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    Thread: Puppy biting!

    1. #1
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      Puppy biting!

      Labrador retrievers are mouthy breeds. Usually at around 10 weeks old, they start putting everything in their mouths. This is how they explore their new worlds, how they communicate with other dogs, and often they are teething and that hurts. What this means for you is that your perfectly adorable puppy is suddenly a no-fun-at-all biting machine. Those puppy teeth are razor sharp and hurt! Now, some lab puppies never bite, and some stop after a few redirections, but a lot are what we call on this board "piranha puppies." They bite and bite and bite until their adult teeth come in (around 4 months). So first:

      1) Your puppy is not "aggressive." New owners, especially those with small human children, worry that this biting phase means their puppy is unbalanced and evil. No, this is just a (very unpleasant) phase. But also a really important phase, because this is the time you'll be teaching your pup bite inhibition.

      2) Bite inhibition means your dog will learn that as soon as human skin comes in contact with her mouth, she needs to be very, very gentle. Labs have an amazing soft mouth; they can carry eggs shells in their mouths without breaking the shell. But this ability comes with training from you and any other dogs she encounters.

      3) Patience, patience, patience. People with biting puppies often post to the board reporting they tried x, y, or z, and it didn't work! No, this is one of those problems where there's no quick or instant fix. Get ready to settle down and redirect, correct, and train for 1 month+. You'll say "no bite" a million times, and you won't see improvement. But keep doing it, over, and over, and over, until you're saying "no bite" in your sleep. It *will* click. But puppies are babies, and you need to be patient and consistent.

      The most often-used strategies for dealing with a land shark puppy:
      *Yelp when the puppy bites you. This mimics the feedback they get from other puppies, but the noise can actually excite some.
      *Redirect to another toy. When you get bitten, (gently) shove an appropriate toy in the puppy's mouth.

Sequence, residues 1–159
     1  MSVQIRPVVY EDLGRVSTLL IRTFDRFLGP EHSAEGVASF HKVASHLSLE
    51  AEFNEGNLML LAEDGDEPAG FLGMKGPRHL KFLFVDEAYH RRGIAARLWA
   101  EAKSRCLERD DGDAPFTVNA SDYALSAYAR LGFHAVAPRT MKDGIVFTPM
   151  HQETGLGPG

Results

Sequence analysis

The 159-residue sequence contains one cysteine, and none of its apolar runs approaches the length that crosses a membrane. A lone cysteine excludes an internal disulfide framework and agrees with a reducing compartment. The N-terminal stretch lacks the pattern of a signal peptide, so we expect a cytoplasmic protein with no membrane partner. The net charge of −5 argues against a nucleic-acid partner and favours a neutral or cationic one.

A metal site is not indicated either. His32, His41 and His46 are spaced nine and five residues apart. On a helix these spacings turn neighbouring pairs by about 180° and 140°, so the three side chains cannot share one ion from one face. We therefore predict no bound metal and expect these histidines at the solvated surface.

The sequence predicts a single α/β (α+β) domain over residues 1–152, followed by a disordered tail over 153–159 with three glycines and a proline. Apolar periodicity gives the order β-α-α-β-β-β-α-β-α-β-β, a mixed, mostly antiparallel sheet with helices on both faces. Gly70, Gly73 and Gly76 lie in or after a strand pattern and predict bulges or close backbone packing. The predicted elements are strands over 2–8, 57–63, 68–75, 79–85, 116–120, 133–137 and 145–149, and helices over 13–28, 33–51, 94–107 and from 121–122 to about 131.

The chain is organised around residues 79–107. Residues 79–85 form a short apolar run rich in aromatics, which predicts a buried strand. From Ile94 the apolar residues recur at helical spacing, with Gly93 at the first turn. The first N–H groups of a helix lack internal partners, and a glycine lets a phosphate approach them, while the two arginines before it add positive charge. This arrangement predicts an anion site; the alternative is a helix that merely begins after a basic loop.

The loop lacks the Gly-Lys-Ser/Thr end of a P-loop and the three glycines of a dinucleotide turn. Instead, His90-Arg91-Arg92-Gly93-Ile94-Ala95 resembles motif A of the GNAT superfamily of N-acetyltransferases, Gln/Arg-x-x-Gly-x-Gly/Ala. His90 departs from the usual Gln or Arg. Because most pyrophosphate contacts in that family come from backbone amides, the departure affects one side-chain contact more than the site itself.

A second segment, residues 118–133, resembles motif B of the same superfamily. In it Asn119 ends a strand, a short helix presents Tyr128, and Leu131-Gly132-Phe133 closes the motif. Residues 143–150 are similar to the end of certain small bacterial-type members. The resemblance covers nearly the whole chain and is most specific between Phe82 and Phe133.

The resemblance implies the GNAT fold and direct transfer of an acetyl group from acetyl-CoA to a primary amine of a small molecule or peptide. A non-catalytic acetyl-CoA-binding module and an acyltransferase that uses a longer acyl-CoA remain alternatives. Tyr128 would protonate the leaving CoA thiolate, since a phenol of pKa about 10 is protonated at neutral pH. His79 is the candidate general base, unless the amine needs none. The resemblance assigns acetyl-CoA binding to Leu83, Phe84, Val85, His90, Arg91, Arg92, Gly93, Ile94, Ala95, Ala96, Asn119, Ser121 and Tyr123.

*Time outs. Put the puppy in a crate or safe place if she is too wound up or overtired.
      *More exercise. Sometimes a puppy needs the opposite of rest and it's time to go run around the yard to release some energy.
      *Come to this board and vent. Many of us have been through this and know the pain!

      I invite fellow members to share their techniques for getting through this stage.
      Miss Kimber, CGC, birthdate 6/15/2005

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    2. The Following 9 Users Say Thank You to kimbersmom For This Useful Post:

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    3. #2
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      Our Jaxson is just about 5 months. Your description is spot on with the biting. He really got bad about 10 weeks. We tried everything you can imagine and nothing is a cure all. The most "help" was a play date with a 4 year old female Golden. She is very patient with him and we noticed right away that he was starting to have a softer bite. We continue with those play sessions at least once a week and it helps more and more each time. But, I'm sure he thinks his name is "No Bite" or "Here, Bite This!" The time outs worked best during the witching hour in the evening when he was over tired.We also have to watch him very close on walks because if he sees it, "it" goes right in the mouth.

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    5. #3
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      My experience with Emma it got really bad at night when she was tired and she need to sleep but we were still doing things around the house and would start nipping at us a lot. We would then just put her in her crate and she would go to sleep within 5 mins.

      We stuck with redirecting and sticking a toy in her mouth, so we always had a toy within arm distance or someone would toss a toy from across the room. Yelpping worked for me, but when she nipped at my GF it got Emma more excited. And we also took her to play with other dogs, that would usually put her in her place if she bit them to hard.

    6. #4
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      This is from my original article, Puppy Biting (Sticky maybe?) listed post by post.

      1. IGNORE
      I know, I know. Pup lunging at your face, ripping holes in your clothes and biting your skin can be painful! Try wearing boots and long pants (jeans might be preferable) during this horrid phase.